What does this acquittal mean for conservative Americans not aligned with Trump? There is already a formal effort from some on the right, such as Evan McMulllin, a Republican who ran for president as an independent in 2016, to start a new conservative party that is not aligned with the current GOP. Republicans like Reps. Liz Cheney and Adam Kinzinger are likely to try to build anti-Trump and anti-Trumpism movements within the party.

The Democrats, already divided in some ways on ideological grounds on issues like Medicare for All, now have another big question: How do they try to defend American democracy against rising anti-democratic forces largely centered within the GOP? That debate is likely to center on to what extent Democrats should adopt more hardball tactics to try to reduce GOP power, including steps such as getting rid of the filibuster or adding justices to the Supreme Court. That debate will also have an electoral dimension, as the party must figure out whether conservative voters wary of Trump and Trumpism constitute a big enough bloc to make it worthwhile to court them, even if that means sidelining some of the policy goals of the party’s more progressive wing.

Finally, Trump’s acquittal and the tacit acceptance of his actions by much of the Republican Party presents challenges for institutions who see themselves as “nonpartisan” but hold some democratic values, most notably the media, big business and tech companies. In the wake of Jan. 6, a lot of corporations announced at least temporary halts on donating money through their political action committees to Republicans who voted against the certification of Biden’s election victory.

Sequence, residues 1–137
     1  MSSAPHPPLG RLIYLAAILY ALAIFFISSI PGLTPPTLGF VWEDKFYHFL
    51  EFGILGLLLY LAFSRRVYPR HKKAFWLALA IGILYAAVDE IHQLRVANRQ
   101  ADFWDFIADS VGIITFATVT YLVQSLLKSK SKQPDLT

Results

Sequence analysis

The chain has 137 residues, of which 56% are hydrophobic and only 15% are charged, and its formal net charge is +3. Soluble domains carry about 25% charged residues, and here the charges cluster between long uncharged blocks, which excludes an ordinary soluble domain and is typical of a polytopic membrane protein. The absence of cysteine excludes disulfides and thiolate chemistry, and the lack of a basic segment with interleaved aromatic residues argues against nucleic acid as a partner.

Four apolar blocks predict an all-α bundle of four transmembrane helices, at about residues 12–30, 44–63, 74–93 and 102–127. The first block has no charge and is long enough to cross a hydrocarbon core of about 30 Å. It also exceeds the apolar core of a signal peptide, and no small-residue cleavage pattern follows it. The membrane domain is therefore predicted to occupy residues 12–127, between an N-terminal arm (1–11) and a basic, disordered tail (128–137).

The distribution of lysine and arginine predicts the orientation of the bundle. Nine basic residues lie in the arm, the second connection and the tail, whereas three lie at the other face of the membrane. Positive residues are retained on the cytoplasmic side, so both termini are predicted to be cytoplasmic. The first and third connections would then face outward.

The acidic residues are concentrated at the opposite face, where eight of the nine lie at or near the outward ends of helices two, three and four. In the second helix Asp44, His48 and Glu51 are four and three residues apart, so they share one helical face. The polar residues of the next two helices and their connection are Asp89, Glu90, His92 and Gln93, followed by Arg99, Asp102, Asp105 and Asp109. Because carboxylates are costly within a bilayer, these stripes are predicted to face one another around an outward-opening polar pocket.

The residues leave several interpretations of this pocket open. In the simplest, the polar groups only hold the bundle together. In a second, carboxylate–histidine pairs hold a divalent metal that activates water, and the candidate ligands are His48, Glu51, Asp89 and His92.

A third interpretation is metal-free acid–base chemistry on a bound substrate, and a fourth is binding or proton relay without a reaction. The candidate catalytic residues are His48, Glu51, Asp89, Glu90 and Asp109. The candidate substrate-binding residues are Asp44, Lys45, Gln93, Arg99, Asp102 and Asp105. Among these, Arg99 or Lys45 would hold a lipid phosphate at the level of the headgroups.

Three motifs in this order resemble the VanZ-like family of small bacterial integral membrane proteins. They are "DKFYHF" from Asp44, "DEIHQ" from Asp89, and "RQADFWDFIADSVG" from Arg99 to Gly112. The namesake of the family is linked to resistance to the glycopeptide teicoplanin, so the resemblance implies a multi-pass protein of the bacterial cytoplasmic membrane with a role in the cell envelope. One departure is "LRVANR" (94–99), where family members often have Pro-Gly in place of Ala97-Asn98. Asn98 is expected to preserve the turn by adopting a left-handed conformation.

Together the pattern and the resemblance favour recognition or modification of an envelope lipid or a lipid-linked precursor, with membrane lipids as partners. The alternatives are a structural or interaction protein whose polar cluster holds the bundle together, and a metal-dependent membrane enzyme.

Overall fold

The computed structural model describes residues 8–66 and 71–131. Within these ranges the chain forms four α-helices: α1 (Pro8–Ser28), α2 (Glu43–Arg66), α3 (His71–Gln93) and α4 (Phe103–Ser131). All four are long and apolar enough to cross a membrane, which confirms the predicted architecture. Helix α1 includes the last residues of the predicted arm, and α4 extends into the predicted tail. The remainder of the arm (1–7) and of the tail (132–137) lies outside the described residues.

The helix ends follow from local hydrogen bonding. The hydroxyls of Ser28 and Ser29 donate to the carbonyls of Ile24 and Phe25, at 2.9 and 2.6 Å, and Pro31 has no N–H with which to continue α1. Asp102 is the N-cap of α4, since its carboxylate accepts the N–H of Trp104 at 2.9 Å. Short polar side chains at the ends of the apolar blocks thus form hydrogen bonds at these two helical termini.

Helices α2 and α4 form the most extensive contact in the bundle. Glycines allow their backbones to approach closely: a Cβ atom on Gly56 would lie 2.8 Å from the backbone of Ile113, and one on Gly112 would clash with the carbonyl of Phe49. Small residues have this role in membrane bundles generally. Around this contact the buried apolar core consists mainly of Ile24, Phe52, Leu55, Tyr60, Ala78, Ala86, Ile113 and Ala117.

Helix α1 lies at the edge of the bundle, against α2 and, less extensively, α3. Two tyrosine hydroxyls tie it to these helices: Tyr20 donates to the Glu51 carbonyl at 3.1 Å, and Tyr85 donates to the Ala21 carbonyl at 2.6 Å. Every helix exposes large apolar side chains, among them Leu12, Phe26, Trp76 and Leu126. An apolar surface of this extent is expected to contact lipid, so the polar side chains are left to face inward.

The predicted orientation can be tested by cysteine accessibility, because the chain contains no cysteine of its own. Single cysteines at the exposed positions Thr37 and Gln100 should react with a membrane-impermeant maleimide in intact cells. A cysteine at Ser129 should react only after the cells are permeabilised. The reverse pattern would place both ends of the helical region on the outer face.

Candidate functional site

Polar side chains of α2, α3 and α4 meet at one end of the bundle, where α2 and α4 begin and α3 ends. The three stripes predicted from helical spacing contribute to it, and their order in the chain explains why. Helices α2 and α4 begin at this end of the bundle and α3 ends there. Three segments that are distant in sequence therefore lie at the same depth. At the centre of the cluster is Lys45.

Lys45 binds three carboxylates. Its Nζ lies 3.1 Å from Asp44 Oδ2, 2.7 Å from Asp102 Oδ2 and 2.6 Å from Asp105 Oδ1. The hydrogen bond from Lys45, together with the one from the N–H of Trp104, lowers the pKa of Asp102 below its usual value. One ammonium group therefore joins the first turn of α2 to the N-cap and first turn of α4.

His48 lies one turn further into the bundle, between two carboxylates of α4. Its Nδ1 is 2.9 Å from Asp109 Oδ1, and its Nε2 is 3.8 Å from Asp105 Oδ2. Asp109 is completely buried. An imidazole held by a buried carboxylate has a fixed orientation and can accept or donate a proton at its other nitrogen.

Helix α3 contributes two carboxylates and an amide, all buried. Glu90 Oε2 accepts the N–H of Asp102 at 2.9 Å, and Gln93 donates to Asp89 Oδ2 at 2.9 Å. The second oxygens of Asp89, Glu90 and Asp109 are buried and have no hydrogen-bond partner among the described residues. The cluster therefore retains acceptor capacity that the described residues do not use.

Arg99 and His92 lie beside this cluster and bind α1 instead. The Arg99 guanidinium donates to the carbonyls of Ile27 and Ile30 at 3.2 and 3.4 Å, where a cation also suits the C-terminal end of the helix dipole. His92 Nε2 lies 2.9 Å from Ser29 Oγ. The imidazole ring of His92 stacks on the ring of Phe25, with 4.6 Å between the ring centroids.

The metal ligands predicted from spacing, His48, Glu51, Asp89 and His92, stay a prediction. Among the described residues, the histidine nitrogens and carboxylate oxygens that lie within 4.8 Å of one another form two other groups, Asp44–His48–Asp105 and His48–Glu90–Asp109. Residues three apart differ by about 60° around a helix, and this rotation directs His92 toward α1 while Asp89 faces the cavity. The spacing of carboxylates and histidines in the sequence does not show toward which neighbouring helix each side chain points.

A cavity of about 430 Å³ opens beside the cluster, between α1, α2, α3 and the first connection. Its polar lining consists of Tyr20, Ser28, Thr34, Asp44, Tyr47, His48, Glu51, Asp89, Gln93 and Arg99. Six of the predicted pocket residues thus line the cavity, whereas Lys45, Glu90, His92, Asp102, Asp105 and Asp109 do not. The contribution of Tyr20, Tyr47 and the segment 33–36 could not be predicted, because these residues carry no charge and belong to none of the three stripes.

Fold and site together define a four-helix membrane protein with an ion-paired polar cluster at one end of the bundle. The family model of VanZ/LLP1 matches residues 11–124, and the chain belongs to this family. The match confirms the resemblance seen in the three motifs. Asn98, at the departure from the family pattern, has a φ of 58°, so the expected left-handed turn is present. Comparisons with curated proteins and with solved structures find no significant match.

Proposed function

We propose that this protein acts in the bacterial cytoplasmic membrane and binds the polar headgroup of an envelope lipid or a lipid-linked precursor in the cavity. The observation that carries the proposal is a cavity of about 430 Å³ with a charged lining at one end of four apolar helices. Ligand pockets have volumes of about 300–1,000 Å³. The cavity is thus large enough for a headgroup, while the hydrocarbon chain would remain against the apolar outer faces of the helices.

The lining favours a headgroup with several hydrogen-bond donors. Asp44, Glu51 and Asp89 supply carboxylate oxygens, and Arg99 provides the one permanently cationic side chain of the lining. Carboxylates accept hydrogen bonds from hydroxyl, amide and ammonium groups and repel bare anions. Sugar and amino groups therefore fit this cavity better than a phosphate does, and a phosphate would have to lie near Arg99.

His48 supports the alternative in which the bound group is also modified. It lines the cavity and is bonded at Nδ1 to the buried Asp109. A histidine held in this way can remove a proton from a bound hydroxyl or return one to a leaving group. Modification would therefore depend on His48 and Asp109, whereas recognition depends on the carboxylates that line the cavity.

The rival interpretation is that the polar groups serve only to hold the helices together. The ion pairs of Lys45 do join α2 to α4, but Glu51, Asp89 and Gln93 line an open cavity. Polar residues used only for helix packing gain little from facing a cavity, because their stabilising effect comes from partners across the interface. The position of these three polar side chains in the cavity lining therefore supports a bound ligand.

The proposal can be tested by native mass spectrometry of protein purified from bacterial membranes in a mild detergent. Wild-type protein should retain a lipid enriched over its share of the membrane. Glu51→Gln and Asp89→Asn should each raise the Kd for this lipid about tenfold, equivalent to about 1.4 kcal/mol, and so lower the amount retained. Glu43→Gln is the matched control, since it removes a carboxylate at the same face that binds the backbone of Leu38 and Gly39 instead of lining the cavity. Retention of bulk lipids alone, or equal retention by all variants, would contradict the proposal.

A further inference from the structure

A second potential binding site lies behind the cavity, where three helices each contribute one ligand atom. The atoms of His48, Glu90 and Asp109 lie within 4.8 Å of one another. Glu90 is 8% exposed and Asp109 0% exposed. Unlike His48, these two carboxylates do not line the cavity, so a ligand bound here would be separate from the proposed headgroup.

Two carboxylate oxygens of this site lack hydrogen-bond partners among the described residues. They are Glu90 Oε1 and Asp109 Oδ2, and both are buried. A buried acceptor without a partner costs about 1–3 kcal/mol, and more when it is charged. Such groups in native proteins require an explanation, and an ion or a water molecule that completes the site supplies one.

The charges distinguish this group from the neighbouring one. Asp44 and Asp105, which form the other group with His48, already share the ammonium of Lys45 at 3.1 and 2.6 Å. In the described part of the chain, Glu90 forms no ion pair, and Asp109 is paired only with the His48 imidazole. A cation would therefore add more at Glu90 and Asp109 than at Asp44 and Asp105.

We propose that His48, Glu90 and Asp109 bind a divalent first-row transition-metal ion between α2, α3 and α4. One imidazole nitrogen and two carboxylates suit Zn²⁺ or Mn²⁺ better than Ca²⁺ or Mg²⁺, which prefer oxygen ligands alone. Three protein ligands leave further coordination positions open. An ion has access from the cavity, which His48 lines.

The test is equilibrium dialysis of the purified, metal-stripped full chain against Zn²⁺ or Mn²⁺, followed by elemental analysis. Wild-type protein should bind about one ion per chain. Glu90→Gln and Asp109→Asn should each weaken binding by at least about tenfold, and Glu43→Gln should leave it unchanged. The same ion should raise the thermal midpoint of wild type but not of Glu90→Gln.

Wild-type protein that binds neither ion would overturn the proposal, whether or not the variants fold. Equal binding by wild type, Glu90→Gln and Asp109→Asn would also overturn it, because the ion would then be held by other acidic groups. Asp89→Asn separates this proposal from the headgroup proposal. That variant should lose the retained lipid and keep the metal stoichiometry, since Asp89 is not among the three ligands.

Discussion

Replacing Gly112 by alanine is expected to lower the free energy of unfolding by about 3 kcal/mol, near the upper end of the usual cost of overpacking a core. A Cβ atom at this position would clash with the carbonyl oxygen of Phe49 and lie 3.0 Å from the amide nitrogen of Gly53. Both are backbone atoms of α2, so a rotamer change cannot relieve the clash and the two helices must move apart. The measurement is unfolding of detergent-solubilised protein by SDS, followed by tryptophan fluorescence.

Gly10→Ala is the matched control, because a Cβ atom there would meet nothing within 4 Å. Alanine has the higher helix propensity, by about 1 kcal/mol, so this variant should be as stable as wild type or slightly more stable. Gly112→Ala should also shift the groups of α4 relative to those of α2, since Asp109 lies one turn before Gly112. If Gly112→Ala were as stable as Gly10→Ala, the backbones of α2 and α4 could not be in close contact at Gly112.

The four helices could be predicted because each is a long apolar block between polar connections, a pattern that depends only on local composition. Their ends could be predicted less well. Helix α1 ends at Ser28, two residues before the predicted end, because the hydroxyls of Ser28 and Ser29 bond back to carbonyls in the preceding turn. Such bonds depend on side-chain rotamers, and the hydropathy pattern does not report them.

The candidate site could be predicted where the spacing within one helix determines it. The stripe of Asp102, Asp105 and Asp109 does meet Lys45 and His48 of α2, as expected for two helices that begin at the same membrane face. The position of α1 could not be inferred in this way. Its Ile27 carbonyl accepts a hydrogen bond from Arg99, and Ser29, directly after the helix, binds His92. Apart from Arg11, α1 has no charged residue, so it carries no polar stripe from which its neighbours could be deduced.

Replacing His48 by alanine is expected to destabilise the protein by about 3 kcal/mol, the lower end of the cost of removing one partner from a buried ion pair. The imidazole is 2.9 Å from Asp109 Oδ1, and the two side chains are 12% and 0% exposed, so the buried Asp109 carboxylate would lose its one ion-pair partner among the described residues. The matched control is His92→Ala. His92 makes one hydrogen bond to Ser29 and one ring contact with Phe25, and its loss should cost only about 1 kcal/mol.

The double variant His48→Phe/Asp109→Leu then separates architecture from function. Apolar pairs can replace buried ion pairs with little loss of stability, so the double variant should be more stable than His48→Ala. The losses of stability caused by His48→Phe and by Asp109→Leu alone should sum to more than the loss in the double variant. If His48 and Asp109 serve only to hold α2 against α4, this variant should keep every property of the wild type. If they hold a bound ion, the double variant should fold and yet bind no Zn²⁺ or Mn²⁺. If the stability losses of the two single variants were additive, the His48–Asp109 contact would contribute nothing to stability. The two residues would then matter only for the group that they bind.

Can corporations continue that policy, which in effect positions them against most Republicans in Congress? Can Twitter sustain a permanent ban on Trump if he remains perhaps the most important figure in a party that represents the views of nearly half of American voters? Can other social media companies get aggressive about limiting speech that might incite violence if that also results in limiting speech from conservatives more than liberals? How does the political media try to reach people who voted for Trump but still directly and honestly cover the racist and anti-democratic behavior from Trump and some of his supporters?

The riot on Jan. 6 provided an opportunity for the Republican Party and therefore the country to begin to take an off-ramp from Trump himself and Trumpism. But Trump’s acquittal suggests that Republicans did not want to take that off-ramp — and that means the nation couldn’t either.

CORRECTION (Feb. 14, 2021, 7:36 a.m.): This article has been updated to correct Sen. Hawley’s first name.

Perry Bacon Jr. was a senior writer for FiveThirtyEight.